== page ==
I was reading the official 33 page contract, because I want to cancel my contract. Rogers keeps on disconnecting my phone and internet service, and they have failed to adequately fix the problem. It has resulted in loss of business. So I wanted to see what it says in the contract. When I came across this:
Limitations of Liability
29. Not applicable to Residents of Québec: Unless otherwise specifically set out in a Service Agreement, to the maximum extent permitted by applicable law, the Rogers Parties will not be liable to you or to any third party for: any direct, indirect, special, consequential, incidental, economic or punitive damages (including loss of profit or revenue, financial loss, loss of business opportunities, loss, destruction or alteration of data, files or software, breach of privacy or security property damage, personal injury, death or any other foreseeable or unforeseeable loss, however caused) resulting or relating directly or indirectly from or relating to the Offering or any advertisements, promotions or statements relating to any of the foregoing, even if we were negligent or were advised of the possibility of such damages;
Which means: even if they do something that kills you and they knew about that it would kill you, they are not responsible.
Wow. This is just disgusting. Just shows how one sided these contracts are.
Now the important question: How the heck did Québec get out of this one?
Just because something is common does not make it right or moral. I can think of many examples throughout history. The fact of the matter is we Canadian have something called the Charter of right and freedoms. I think you have not read the above term thoroughly.
Just to make sure nothing has change, i just re read over the charter of right and freedoms.
Has NOTHING to do with this, what rogers contracts can or can not do, say etc. in their contracts.
Now, to the major topic at hand.
Most ANY legal document, for any piece of hardware you get, from a printer to a car, will often have something like
"the Rogers Parties will not be liable to you or to any third party for: any direct, indirect, special, consequential, incidental, economic or punitive damages (including loss of profit or revenue, financial loss, loss of business opportunities, loss, destruction or alteration of data, files or software, breach of privacy or security property damage, personal injury, death"
Not always the " even if we were negligent or were advised of the possibility of such damages;" though.
Companys strive to make sure their hardware works, and wont do this stuff, but ocassionaly issues come up (recalls, etc).
They try to guarantee that these products WONT do that... wont blow up, etc. But once they leave the lab... they CAN NOT guarantee that they wont. Why? Your house/plug, may be providing slightly higher/lower voltage, which could cause some unforseeable side effect. You could have a serge at the house. you could have too much or too little moisture.. ANYTHING outside of the tested range, could change what COULD happen..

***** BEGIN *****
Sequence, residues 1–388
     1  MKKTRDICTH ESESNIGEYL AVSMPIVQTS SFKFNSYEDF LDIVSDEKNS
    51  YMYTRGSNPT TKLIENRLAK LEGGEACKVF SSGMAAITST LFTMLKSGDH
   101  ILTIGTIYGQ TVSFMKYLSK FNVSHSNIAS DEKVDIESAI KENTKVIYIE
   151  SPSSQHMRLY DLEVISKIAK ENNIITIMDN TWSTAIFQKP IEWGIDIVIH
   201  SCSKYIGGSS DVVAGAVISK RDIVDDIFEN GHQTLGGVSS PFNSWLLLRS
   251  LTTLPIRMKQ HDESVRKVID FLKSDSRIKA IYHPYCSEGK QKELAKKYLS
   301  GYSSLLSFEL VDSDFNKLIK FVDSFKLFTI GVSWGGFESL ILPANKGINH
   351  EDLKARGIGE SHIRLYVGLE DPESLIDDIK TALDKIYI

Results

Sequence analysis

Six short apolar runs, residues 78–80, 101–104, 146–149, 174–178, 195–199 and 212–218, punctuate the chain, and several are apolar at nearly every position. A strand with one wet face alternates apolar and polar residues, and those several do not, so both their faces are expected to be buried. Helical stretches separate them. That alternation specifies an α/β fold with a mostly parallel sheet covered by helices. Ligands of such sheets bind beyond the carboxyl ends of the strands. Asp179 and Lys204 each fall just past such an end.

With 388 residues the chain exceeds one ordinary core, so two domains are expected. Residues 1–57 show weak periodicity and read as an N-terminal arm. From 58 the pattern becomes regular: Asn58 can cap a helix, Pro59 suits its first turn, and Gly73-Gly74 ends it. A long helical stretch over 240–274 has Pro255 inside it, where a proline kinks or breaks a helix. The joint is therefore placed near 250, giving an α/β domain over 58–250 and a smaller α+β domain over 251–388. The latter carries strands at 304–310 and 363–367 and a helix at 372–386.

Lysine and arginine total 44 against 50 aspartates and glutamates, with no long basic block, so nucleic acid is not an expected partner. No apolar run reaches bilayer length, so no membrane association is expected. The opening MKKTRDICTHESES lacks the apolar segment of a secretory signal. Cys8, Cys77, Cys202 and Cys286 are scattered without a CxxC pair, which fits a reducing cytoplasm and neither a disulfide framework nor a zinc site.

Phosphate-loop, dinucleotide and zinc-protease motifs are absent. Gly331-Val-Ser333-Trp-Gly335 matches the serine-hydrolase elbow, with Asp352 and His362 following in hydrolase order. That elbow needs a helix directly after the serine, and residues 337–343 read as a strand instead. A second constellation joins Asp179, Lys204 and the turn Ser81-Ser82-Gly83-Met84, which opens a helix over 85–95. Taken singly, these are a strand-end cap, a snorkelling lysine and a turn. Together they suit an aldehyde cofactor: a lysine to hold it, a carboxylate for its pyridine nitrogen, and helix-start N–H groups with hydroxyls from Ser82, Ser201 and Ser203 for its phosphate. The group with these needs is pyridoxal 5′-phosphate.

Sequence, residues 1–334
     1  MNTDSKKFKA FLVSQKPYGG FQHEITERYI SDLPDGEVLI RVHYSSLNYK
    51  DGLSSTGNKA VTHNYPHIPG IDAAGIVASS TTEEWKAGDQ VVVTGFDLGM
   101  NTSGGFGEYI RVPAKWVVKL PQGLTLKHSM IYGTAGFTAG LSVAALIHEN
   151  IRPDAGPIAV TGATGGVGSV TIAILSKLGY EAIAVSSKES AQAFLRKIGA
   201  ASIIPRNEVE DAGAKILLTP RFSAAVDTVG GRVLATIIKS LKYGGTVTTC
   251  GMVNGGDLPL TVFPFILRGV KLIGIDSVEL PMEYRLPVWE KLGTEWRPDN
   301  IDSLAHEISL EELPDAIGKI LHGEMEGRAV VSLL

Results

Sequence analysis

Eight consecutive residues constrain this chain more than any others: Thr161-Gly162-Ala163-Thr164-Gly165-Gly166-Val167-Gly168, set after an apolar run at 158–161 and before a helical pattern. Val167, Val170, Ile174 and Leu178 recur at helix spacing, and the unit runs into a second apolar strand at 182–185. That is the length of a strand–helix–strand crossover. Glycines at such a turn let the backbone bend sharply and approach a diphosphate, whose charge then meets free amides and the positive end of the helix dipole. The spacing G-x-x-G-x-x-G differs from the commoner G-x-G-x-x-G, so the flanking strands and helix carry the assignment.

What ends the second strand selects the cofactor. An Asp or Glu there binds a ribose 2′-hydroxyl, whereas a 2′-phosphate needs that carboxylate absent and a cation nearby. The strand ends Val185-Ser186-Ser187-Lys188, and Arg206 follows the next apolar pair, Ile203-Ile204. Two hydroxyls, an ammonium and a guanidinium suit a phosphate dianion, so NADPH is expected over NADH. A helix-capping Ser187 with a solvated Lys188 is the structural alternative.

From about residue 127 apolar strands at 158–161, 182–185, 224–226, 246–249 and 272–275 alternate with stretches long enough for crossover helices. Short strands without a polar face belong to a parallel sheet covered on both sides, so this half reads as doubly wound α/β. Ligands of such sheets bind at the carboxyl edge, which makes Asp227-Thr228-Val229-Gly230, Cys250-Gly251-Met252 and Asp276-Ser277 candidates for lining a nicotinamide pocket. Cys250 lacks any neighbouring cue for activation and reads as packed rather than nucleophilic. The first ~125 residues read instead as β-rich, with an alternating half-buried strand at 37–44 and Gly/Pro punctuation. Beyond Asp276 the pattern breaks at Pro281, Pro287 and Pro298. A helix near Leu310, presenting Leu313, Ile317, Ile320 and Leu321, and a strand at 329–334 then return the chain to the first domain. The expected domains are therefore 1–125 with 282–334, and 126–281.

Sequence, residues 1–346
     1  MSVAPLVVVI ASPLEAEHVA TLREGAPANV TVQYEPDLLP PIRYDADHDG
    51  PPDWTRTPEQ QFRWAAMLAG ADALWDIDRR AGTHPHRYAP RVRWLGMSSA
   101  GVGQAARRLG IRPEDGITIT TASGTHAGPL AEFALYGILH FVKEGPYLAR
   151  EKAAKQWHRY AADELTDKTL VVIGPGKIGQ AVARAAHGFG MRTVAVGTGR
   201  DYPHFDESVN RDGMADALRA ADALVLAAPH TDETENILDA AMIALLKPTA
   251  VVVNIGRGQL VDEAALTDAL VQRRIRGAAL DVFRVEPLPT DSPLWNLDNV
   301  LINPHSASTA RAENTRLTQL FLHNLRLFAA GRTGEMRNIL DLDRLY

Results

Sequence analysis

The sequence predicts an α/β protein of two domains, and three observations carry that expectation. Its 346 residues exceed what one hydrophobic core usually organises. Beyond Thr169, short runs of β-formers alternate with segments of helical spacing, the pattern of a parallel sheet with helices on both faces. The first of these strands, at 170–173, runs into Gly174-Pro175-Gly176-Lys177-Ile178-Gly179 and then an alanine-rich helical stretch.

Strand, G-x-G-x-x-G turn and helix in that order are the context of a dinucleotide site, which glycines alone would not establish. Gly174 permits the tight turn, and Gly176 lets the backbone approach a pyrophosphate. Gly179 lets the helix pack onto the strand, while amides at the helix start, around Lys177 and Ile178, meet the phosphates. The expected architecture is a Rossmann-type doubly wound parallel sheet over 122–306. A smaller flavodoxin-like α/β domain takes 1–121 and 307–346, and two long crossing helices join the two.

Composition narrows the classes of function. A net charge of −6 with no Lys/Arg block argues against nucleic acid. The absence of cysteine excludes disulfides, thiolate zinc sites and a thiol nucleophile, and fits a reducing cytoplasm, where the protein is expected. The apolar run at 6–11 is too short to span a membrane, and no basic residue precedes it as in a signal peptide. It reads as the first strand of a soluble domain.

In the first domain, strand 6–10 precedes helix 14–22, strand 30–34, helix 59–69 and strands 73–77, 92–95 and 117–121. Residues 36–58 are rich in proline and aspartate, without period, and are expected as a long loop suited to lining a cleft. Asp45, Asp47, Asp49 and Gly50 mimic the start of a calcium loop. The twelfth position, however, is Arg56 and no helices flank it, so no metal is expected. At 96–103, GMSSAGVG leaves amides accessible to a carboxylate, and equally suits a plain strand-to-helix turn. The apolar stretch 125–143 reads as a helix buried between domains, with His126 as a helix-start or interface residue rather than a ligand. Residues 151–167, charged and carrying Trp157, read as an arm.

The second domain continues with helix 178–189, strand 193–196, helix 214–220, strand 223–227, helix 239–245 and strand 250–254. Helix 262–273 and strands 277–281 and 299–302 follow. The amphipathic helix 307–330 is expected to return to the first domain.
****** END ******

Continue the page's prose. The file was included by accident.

So yes, these are a cover our rear's type of clause... but almost EVERY company worldwide, will have these things.
I do agree.. on the 'negligent/advised' part.. that this is a little... questionable. But i would guess thats likely in there.. to cover the cases of
"My pvr drive is making noises"
Well bring it in to replace
Person uses it for one night more, it blows up... they were informed, but person still used it.
You guys misunderstands common law concept (on which Canadian legal system is based).
You can write anything in a contract, but it does not mean that the contract is legal (or, more correctly, accepted by the court). A contract can be voided, or unenforcible, or illegal and therefore is worthless as a piece of paper. I am not giving you a lecture on Business Law 101, but remember McDonald's got sued for a couple of million bucks because their coffee was too hot !
You would say that Rogers has a team of lawyers who write this kind of contract. BUT, many corporations who do business with Rogers also have teams of lawyers (including many high power legal firms too ---- lawyers also use cell phones, do they?). So, if Rogers is negligent causing damages (eg, their crew breaks a natural gas line when digging the ground), I do not think they can get away with it.
At least for the McDonalds thing, they got sued for it, because the person claimed there was no way they could know the coffee was hot (was sort of assumed, but yeah). That's why after that, all their cups are printed with contents may be hot, one of those things where yes someone could still sue, that could never be stopped, but LESSEN their liability, as the customer was warned
I was reading the fine print on a Jabra Bluetooth Car Speakerphone. It actually says that it should not be used while driving...which is precisely the purpose it is designed for.
Believe me, i have read many fine prints on many products in which state things like this. This is to save them self's from lawsuits & such.
There is nothing with those things, preventing someone from creating a class action lawsuit, a regular lawsuit, sueing etc..
BUT.. its up to a judge, weither they let it actualy go through and proceed... and thats where the ToU's come in, etc. Many times they will get thrown out.. AS you agreed to what is in the ToU, etc, that you are now trying to sue what you agreed to.. is what gets many of them thrown out.
Weither these documents are 'fair' or not.. is debatable.. but these companeis have groups of laywers which draft up these documents.. so they will likely stand up well in court.
READ EVERYTHING. If you ever have any doubts, any questions.. DONT SIGN UP. You might be hard pressed to find someone who DOESNT have a document like this though..